food

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English[edit]

Etymology[edit]

From Middle English fode, foode, from Old English fōda (food), from Proto-Germanic *fōdô (food), from Proto-Indo-European *peh₂- (to guard, graze, feed). Cognate with Scots fuid (food), Low German föde, vöde (food), West Frisian fiedsel (food), Dutch voedsel (food) Danish føde (food), Swedish föda (food), Icelandic fæða, fæði (food), Gothic 𐍆𐍉𐌳𐌴𐌹𐌽𐍃 (fōdeins, food), Latin pānis (bread, food), Latin pāscō (feed, nourish, verb). Related to fodder, foster.

Pronunciation[edit]

Noun[edit]

Various foods

food (usually uncountable, plural foods)

  1. (uncountable) Any solid substance that can be consumed by living organisms, especially by eating, in order to sustain life.
    Synonyms: see Thesaurus:food
    The innkeeper brought them food and drink.
    • 1922, Ben Travers, chapter 1, in A Cuckoo in the Nest[1]:
      “[…] the awfully hearty sort of Christmas cards that people do send to other people that they don't know at all well. You know. The kind that have mottoes like
        Here's rattling good luck and roaring good cheer, / With lashings of food and great hogsheads of beer. […]”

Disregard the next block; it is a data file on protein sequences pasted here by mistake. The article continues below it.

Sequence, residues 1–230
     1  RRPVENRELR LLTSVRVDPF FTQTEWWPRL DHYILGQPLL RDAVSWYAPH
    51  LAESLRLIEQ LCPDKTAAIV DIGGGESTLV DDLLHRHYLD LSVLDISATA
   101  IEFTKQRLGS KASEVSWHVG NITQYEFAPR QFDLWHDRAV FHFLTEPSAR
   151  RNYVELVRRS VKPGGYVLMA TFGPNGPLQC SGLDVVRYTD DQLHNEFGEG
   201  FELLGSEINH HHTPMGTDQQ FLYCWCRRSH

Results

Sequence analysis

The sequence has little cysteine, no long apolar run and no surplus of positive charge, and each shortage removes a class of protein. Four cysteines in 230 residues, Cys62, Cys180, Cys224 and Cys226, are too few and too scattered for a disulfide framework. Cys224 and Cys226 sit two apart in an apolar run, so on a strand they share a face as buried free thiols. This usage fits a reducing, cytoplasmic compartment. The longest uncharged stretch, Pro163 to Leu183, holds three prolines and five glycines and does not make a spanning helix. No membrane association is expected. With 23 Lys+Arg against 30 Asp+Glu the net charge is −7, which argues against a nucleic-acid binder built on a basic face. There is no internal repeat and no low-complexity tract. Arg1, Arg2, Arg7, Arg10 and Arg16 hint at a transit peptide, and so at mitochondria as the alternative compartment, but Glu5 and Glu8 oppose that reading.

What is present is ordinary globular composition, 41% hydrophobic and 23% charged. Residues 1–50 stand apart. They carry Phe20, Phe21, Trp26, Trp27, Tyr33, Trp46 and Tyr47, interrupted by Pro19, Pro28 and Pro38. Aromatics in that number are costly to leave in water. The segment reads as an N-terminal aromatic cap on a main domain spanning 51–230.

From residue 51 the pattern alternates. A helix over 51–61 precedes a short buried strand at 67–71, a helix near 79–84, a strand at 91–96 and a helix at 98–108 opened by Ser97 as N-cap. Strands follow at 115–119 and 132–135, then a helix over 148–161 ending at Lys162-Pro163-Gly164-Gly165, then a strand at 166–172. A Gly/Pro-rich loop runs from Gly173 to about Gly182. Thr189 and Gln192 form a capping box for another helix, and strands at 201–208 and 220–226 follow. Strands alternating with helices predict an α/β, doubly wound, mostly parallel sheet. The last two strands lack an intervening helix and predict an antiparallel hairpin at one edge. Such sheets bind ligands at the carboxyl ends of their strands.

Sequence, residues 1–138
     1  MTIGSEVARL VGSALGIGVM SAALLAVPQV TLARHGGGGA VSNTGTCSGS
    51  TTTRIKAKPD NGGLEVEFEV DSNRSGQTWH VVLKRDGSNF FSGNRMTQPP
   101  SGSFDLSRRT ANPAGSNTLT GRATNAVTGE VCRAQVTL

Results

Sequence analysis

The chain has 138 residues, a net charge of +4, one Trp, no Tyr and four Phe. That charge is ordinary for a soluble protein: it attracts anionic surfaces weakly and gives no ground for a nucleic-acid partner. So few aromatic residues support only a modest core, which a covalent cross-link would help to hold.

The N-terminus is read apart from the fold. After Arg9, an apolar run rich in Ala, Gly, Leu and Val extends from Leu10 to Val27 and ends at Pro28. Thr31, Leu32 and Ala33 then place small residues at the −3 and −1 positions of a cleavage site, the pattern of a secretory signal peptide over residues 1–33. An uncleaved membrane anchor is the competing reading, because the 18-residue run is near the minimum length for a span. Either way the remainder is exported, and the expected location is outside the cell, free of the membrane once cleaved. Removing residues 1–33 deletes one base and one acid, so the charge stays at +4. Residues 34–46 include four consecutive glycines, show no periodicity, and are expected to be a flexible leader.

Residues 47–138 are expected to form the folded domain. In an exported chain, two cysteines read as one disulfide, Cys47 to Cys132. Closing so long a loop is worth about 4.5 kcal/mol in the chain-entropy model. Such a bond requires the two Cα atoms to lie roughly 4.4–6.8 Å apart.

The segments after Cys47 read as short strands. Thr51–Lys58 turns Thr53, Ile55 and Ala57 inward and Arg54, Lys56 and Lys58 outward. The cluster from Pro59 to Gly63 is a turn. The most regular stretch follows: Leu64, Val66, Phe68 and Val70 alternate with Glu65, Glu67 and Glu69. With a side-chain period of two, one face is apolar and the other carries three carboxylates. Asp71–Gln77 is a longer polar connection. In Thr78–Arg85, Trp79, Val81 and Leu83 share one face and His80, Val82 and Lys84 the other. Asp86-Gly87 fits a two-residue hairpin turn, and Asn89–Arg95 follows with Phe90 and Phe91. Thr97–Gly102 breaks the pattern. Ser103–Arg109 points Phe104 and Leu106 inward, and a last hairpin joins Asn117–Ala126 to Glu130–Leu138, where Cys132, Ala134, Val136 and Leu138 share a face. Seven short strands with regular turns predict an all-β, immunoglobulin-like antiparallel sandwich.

• 2013 June 29, “A punch in the gut”, in The Economist, volume 407, number 8842, page 72-3:
      Mostly, the microbiome is beneficial. It helps with digestion and enables people to extract a lot more calories from their food than would otherwise be possible. Research over the past few years, however, has implicated it in diseases from atherosclerosis to asthma to autism.
  2. (countable) A foodstuff.
    Synonyms: belly-timber (archaic, now only humorous or regional), foodstuff, provender; see also Thesaurus:food
    • 2006, C Williams, J Buttriss, Improving the Fat Content of Foods →ISBN, page 492:
      Variation and changes in the trans fatty acid content of different foods, especially in processed foods, further complicate such estimates.
  3. (uncountable, figuratively) Anything that nourishes or sustains.
    Hyponym: brainfood
    The man's inspiring speech gave us food for thought.
    Mozart and Bach are food for my soul.
    • 1598–1599 (first performance), William Shakespeare, “Much Adoe about Nothing”, in Mr. William Shakespeares Comedies, Histories, & Tragedies: Published According to the True Originall Copies (First Folio), London: Printed by Isaac Iaggard, and Ed[ward] Blount, published 1623, OCLC 606515358, [Act I, scene iii]:
      This may prove food to my displeasure.
    • (Can we date this quote by William Wordsworth and provide title, author's full name, and other details?)
      In this moment there is life and food / For future years.

Usage notes[edit]

  • Adjectives often applied to "food": raw, cooked, baked, fried, grilled, processed, healthy, unhealthy, wholesome, nutritious, safe, toxic, tainted, adulterated, tasty, delicious, fresh, stale, sweet, sour, spicy, exotic, marine.

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